Again, deadly tired but still satisfied, I drove back home. A blessed day.


PCR tests should be widely performed

I have one of the alumni from the same medical school in a city nearby. He is much younger than me. I don't have personal acquaintance with him. He has been actively working for the patients with and those suspected of COVID19 at his office and has regularly shown up in mass media. His efforts as an infection specialist is highly respected by many people, including myself.

He announced in the twitter that he would introduce the PCR measuring equipment to his office and start to perform the PCR test for Sars CoV2 by himself and a colleague. It is all because the government won't be willing to increase the number of the test to cover possible cases in the clinical setting. The minister of MHLW and the head of the advisory council have clearly told they would restrict the cases to be tested for only those with symptoms. 

What the authority thinks of for this outbreak is that COVID19 is generally a self limiting mild infection with low mortality rate in our country. Running the economy is much more important for them than to make diagnosis at early stage or for the asymptomatic cases. Identifying asymptomatic cases, which comprises more than half of the cases, would be a burden, economical and practical, to medical care system in their point of view. 

Such an administrative attitude toward this infection is wrong in multiple ways.

Firstly, it is a kind of practicing herd immunity theory as the public administration. It would not be evident if it is achievable or not. If it should be realized in the pragmatic administration, it would cost a lot of victims and frequent lock down, generalized or localized in our country, which results in more economic loss in the society. From medical point of view, it is noted the immunological memory should be hardly obtained in actual infection as well. The history as for how the governments like that in UK or in Sweden, which started aiming at the herd immunity, have acted for the past several months shows it is almost impossible to achieve it at present.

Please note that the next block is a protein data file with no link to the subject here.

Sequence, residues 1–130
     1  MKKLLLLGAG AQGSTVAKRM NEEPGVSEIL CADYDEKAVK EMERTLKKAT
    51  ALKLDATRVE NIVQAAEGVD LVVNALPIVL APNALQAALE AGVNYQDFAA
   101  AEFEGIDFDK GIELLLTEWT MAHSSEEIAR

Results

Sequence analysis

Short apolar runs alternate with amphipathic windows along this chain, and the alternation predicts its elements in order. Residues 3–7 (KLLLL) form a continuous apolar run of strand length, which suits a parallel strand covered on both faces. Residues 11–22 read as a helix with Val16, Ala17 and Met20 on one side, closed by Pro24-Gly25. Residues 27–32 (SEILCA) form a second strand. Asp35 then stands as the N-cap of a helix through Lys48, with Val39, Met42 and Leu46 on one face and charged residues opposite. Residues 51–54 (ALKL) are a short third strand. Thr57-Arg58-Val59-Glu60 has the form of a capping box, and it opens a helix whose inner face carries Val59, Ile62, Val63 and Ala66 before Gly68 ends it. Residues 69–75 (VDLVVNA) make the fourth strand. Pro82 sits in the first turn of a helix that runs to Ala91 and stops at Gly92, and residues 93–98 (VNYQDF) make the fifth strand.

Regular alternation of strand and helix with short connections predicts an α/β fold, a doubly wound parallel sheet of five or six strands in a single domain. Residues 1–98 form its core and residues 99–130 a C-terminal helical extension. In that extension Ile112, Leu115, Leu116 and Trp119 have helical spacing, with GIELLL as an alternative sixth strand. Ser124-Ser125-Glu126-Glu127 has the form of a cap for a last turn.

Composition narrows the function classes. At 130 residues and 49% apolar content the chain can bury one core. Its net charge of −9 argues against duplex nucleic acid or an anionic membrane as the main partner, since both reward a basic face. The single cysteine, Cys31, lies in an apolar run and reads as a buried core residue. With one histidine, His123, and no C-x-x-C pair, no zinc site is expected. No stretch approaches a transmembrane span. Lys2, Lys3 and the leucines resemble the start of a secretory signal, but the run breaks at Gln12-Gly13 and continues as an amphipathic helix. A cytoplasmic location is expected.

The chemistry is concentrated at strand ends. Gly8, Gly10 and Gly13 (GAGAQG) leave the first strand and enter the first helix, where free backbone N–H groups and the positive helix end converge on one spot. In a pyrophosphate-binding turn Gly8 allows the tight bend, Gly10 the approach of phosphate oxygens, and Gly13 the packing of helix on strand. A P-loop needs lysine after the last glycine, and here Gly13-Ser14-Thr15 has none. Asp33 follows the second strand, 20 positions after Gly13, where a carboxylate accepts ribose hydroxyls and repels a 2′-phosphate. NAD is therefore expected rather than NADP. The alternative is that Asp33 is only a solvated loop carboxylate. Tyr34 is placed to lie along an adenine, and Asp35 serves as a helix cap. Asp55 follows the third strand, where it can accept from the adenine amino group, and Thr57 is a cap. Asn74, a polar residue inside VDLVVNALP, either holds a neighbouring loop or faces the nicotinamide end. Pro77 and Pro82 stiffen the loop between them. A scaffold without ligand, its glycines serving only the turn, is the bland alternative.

Applying generalized PCR tests in the society, especially for those of essential workers or for those working to people in face to face, should be alpha and omega to deal with this problematic new virus. There is, however, an erratic saying or a fake in our society that PCR test would cause a lot of false positive cases so that it is not good to widely implement the test among people. It is what the authority, intending to keep the test cases lowered in number in the beginning of the fight against COVID19, would spread among people especially through the internet. PCR tests has been proved highly specific. The specificity is exponentially defined. If the test employs n pieces of genes, the specificity is related with one in 4 to the power of n-th. If the false positive is questioned in certain cases, it is always due to contamination in the test process but not a defect of this testing procedure itself.